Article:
Most of us rounded out 2020 with high expectations that 2021 would begin, and immediately treat us kindly. Facts are this time of year many experience “winter blues”, or shall we say “blah’s”. Seasonal Affective Disorder, also known as SAD, is a type of depression related to changing of seasons. Winter months are especially difficult due to days getting shorter, darker and quieter. These common winter feelings, amplified by the Pandemic, can limit our ability to do the things we enjoy.
What does Seasonal Affective Disorder, SAD, look like? Dr. Sudhakar Madakasira, MD, DLFAPA, Diplomat of American Board of Psychiatry and Neurology and Chief Medical Director with Psycamore, LLC describes many of the common symptoms people tend to experience are loss of energy, change in concentration, change in sleep patterns and change in appetite. Decreased activity both socially and physically are a few ways to notice if you may be struggling with seasonal affective disorder.
Even amidst a Pandemic, there are ways we can combat these winter “blah’s”. Eating well-balanced meals are important. Some report weight gain due to their increased cravings of heavy carbohydrates. Stay away from the heavy carbohydrates and incorporate more whole wheats, brown rice, and fruits and vegetables. Sleep patterns are also commonly affected. Adults should receive 7-9 hours of sleep a night. Setting a healthy nightly routine to get the sleep you need is strongly encouraged. Vitamin D is also important. With the shorter day light hours, taking advantage of the sunlight is helpful. Exercising outdoors in cold weather can be somewhat challenging but rewarding exercise experience. Aside from the physical benefits, research shows that exercising outdoors can increase energy, decrease depression, lessen anxiety, and enhance mood. Safety is important so be sure to wear appropriate clothing, monitor your fluid intake, and find a tribe; there is safety in numbers. Staying connected to your family, friends, and engaging in work and social life- even if its virtual is also important in combatting these winter “blah’s”. Speaking with a healthcare professional about which treatment, or combination of treatments, is best for you is important should you find yourself having difficulty navigating through these times. Treatments are also available that can help many people with SAD, that may be used alone or in combination: Light therapy, Psychotherapy, Antidepressant medications, and Vitamin D.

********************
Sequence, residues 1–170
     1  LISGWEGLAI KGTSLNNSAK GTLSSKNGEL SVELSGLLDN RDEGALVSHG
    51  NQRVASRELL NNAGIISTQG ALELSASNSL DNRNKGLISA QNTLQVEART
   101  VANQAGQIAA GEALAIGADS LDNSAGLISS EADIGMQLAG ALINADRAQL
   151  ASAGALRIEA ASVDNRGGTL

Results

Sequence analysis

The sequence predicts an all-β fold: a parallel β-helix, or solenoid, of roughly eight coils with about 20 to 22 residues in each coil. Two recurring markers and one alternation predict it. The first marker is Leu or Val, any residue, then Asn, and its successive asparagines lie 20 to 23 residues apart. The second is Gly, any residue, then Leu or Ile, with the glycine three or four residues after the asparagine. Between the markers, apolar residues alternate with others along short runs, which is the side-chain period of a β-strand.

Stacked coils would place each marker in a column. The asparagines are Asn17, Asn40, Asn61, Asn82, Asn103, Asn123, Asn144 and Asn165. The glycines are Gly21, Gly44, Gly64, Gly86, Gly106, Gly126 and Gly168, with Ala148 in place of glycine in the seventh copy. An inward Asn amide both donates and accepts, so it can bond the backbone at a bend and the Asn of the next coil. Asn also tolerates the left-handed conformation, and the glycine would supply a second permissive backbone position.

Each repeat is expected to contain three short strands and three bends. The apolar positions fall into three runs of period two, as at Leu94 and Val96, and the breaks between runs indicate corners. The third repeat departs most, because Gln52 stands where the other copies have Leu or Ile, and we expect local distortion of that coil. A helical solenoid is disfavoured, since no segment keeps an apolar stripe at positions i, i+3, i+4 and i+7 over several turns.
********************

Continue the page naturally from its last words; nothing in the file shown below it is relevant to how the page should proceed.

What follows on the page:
If you are experiencing a loss of energy, sleeping too much, overeating or depressed, there are resources available for you. Psycamore has programs tailored for Adults, Adolescents, and Children. Visit us online at www.psycamore.com for more information, or give us a call 601-939-5993.